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No Longer Justice Denied

Kathleen McClellan,
Washington Legislative Office
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October 8, 2008

In 1955, Emmett Till, a 14-year-old African-American teenager from Chicago was visiting family in Mississippi for the summer. On August 28 of that year, Till was brutally murdered. He was kidnapped from his family's home in the middle of the night, beaten, shot, and dumped in the Tallahatchie River. Two white men allegedly committed the crime. The motive: Till whistled at a white woman in a grocery store. After a trial by an all-white, all-male jury, which deliberated for only 67 minutes, the two white men accused of Till's murder were acquitted. While it may be too late to give comfort to Till's mother — she passed away in 2003 — it is not too late for the families of victims of countless other unsolved crimes from the civil rights era.

Last night, President Bush signed into law legislation named in honor of Till, the Emmett Till Unsolved Civil Rights Crimes Act. This law takes an important step towards ensuring that those who committed civil rights era crimes are brought to justice. The Emmett Till Unsolved Civil Rights Crimes Act will provide the Department of Justice (DOJ) with additional personnel and resources to investigate and prosecute unsolved civil rights era crimes. Obtaining evidence is becoming more and more difficult as time goes by and witnesses and suspects age, so it's crucial that DOJ have all the necessary resources to solve these cases. That there was no just trial for a crime as heinous as Till's murder is a travesty. The Emmett Till Unsolved Civil Rights Crimes Act sends the clear message that leaving these cases unsolved is not acceptable and that no matter how much times has passed, civil rights era crimes will not remain unprosecuted.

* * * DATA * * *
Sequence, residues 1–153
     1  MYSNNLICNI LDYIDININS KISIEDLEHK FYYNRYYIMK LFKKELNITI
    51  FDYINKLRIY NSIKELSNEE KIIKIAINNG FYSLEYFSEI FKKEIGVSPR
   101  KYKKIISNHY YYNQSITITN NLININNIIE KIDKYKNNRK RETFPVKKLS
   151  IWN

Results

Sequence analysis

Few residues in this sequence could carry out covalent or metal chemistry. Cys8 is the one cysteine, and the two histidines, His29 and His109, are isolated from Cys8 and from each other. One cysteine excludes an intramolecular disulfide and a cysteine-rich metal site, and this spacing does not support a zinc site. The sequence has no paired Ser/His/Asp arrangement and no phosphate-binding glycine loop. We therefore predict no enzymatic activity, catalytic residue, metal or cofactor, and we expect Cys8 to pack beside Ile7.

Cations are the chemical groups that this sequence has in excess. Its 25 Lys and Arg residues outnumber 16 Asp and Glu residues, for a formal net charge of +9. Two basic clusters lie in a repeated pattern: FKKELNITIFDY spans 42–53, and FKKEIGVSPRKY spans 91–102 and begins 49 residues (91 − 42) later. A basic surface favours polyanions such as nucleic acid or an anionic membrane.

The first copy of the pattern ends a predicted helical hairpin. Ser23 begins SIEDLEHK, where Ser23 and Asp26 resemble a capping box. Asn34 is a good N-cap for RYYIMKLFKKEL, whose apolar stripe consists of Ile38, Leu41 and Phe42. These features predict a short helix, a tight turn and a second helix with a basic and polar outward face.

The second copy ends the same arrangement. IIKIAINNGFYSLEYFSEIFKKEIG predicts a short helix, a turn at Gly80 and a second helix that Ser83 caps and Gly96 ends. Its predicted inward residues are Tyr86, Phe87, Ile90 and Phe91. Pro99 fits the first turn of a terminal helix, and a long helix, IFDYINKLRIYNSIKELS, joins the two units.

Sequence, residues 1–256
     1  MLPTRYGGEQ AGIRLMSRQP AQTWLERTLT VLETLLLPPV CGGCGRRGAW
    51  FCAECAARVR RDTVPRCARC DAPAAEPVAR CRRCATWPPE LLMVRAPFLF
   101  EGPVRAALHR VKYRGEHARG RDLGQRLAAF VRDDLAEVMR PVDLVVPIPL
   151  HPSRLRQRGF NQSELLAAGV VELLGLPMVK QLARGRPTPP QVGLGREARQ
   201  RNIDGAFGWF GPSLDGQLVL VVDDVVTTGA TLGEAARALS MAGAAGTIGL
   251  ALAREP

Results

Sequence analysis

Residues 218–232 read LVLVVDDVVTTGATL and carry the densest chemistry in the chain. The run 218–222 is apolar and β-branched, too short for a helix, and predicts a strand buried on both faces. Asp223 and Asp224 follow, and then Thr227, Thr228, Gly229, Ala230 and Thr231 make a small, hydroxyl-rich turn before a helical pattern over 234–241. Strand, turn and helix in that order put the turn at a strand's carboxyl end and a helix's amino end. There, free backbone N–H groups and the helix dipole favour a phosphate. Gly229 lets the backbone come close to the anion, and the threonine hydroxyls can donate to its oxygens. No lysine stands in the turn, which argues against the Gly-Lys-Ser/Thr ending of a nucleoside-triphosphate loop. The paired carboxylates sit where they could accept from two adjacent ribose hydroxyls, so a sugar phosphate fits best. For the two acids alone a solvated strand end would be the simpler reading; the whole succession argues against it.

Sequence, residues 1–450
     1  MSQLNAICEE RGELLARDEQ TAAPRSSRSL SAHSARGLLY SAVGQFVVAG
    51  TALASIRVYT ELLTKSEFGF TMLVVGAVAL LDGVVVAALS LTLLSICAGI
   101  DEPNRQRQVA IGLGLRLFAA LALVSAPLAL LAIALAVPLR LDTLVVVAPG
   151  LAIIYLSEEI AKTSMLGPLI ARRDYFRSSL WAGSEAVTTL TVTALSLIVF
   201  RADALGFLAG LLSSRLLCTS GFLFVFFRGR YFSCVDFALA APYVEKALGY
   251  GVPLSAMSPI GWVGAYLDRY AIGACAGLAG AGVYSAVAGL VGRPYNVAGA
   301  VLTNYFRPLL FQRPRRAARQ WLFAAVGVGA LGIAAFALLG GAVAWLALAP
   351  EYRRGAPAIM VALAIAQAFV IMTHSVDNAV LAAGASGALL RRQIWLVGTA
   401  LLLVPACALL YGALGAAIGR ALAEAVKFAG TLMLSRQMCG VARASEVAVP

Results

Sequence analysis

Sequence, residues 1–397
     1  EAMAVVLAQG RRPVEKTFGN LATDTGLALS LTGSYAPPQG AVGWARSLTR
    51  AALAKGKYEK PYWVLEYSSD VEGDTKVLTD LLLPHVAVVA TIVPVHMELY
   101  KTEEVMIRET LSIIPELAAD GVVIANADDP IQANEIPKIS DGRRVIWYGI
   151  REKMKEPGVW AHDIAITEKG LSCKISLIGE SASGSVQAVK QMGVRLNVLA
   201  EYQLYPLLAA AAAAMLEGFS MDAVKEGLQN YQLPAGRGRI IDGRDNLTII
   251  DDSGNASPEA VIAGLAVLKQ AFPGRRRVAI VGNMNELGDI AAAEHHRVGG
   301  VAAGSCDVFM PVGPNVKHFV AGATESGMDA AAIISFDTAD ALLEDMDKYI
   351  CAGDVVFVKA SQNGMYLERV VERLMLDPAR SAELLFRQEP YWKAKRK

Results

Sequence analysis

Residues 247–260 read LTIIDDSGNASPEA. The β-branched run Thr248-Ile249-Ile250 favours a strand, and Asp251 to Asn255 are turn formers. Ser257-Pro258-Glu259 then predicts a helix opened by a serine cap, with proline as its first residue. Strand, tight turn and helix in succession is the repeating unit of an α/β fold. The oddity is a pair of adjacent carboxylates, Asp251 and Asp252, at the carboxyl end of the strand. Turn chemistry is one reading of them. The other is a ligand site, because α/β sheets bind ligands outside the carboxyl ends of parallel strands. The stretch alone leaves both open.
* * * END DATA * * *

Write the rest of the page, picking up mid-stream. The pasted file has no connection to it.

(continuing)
The ACLU applauds the passage of this law. Deborah J. Vagins, ACLU Legislative Counsel, said in a statement: "This law means justice delayed, no longer has to be justice denied."

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